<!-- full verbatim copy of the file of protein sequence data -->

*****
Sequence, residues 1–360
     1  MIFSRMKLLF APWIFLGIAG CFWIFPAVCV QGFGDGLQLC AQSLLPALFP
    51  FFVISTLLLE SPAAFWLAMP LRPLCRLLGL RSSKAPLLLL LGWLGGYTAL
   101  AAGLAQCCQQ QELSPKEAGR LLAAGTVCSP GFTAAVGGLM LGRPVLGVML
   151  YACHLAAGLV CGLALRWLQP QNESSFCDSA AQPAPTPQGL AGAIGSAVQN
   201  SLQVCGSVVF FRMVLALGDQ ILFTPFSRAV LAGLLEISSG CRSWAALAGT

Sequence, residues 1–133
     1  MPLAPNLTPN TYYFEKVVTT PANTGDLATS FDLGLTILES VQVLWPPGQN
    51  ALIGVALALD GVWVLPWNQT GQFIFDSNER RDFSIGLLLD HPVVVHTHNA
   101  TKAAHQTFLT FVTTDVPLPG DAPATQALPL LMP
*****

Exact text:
Sequence, residues 1–360
     1  MIFSRMKLLF APWIFLGIAG CFWIFPAVCV QGFGDGLQLC AQSLLPALFP
    51  FFVISTLLLE SPAAFWLAMP LRPLCRLLGL RSSKAPLLLL LGWLGGYTAL
   101  AAGLAQCCQQ QELSPKEAGR LLAAGTVCSP GFTAAVGGLM LGRPVLGVML
   151  YACHLAAGLV CGLALRWLQP QNESSFCDSA AQPAPTPQGL AGAIGSAVQN
   201  SLQVCGSVVF FRMVLALGDQ ILFTPFSRAV LAGLLEISSG CRSWAALAGT

Sequence, residues 1–133
     1  MPLAPNLTPN TYYFEKVVTT PANTGDLATS FDLGLTILES VQVLWPPGQN
    51  ALIGVALALD GVWVLPWNQT GQFIFDSNER RDFSIGLLLD HPVVVHTHNA
   101  TKAAHQTFLT FVTTDVPLPG DAPATQALPL LMP